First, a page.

Associate Professor Angela Wanhalla

Ngāi Tahu
University of Otago

Angela’s research focuses on the intersections between gender, race and sexuality in colonial history, with a specific focus on the connections between race and intimacy within and across colonial cultures.

Between 2010-2012 she was co-investigator, with Professor Judy Bennett, on an archival and oral history-based research project concerned with exploring the fate of children born of American servicemen and indigenous women in the South Pacific Command during World War II. This project has resulted in a book, a website, and a documentary film.

Andrew Waa

Ngāti Hine, Ngāpuhi)
Research Fellow
University of Otago

Andrew (Anauru) is a Research Fellow with the Department of Public Health, at the University of Otago. He is a trained social scientist with postgraduate degrees in Public Health.

His work has included evaluations of community, national and government level policies, programmes and services and has also lectured and developed aids for teaching evaluation methods. Andrew’s public health interests include Māori health, tobacco control, social marketing, nutrition and psychosocial recovery following disasters.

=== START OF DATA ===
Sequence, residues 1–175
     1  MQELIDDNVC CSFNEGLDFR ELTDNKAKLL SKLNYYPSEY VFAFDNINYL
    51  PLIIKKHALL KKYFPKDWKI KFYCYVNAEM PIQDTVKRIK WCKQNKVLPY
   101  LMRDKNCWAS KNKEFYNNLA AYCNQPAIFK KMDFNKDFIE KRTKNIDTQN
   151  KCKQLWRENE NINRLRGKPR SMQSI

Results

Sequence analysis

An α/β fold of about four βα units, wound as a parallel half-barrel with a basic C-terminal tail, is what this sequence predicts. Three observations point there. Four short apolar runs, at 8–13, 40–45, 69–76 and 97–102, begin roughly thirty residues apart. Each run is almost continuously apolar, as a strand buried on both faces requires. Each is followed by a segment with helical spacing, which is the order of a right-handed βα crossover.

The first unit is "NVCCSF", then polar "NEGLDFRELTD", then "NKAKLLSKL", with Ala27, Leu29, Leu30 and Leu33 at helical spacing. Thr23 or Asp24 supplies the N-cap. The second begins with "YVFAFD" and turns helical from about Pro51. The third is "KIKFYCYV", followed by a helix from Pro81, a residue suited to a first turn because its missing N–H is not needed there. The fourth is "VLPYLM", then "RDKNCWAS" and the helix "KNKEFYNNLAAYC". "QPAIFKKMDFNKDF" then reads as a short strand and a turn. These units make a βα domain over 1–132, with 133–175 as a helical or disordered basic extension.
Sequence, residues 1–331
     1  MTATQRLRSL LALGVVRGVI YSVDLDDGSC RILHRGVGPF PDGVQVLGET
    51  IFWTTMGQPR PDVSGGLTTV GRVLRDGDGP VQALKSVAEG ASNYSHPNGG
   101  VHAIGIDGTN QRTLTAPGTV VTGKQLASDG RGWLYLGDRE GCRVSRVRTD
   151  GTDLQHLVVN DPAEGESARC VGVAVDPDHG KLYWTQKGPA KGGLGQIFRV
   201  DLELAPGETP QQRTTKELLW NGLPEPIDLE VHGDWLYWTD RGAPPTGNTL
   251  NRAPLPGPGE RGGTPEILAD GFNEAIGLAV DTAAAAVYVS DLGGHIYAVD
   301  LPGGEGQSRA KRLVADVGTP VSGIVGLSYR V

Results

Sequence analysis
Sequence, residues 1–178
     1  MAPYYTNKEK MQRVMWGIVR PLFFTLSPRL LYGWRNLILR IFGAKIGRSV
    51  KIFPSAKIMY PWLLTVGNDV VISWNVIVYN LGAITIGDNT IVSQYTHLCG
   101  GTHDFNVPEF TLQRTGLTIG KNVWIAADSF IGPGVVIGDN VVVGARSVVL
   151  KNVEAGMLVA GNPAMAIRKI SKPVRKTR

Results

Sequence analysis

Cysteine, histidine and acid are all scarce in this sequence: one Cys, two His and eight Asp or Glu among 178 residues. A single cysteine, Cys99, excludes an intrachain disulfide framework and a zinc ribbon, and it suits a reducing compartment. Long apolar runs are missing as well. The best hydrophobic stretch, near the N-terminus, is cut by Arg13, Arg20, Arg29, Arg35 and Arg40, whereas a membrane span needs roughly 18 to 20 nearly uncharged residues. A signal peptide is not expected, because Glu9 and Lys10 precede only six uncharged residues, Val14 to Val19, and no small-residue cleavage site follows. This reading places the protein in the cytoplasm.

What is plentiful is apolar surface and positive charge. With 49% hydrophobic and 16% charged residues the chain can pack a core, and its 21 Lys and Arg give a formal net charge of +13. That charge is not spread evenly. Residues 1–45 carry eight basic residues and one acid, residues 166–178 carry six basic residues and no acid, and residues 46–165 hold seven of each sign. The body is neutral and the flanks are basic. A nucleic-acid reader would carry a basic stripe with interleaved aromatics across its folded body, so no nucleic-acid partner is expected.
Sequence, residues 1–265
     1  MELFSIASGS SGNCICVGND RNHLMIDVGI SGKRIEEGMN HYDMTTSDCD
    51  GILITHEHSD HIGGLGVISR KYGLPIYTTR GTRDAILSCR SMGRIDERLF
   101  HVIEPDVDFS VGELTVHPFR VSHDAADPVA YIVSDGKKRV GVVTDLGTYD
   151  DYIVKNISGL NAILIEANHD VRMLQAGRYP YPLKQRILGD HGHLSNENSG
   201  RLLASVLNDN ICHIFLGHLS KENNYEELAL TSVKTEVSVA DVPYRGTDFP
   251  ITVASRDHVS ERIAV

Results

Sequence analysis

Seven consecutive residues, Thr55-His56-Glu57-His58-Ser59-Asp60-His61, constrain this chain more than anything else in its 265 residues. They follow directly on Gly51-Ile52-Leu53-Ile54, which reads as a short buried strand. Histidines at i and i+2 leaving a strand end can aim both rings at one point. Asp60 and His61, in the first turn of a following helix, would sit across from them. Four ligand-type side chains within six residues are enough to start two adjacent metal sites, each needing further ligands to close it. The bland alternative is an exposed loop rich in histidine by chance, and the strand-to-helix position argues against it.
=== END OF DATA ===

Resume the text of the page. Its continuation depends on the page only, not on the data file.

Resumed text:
Dr Andrew Erueti

Ngā Ruahinerangi, Ngāti Ruanui (Taranaki), Ati Hau (Wanganui).
Senior Lecturer
The University of Auckland

Andrew is currently a senior lecturer at Auckland University School of Law. Previously he has taught at the Law Schools of the University of Waikato and Victoria University of Wellington. Between 2008 and 2012 he was Amnesty International’s lead adviser on Indigenous rights based in London and Geneva and he was also lead counsel in the claim by Taranaki hāpu to Petroleum before the Waitangi Tribunal.

Dr Amohia Boulton

Ngāti Ranginui, Ngāi te Rangi, Ngāti Pukenga
Research Centre Director
Whakaue Research for Māori Health & Development

Dr Amohia Bolton is the Research Director at Whakaue Research for Māori Health & Development with a career that has spanned public policy and academia. She has previously worked as a data analyst (Ministry of Education) policy analyst, senior analyst (Te Puni Kōkiri) and Private Secretary (Māori Affairs) and was awarded an HRC Māori Health Training Fellowship to pursue doctoral study at Massey University in Palmerston North. Her post-doctoral research took her to the University of Northern British Columbia in Canada where she worked with the Lheidli T'enneh First Nations people.

Dr Amanda Black

Tūhoe, Whakatōhea, Whānau-ā-Apanui
Lecturer / Māori Kaihautū
Lincoln University

Amanda’s research expertise is in environmental soil and water chemistry, focusing on major nutrient cycling, including the incorporation of molecular techniques to explore the relationship between functional gene expression and soil product activity.

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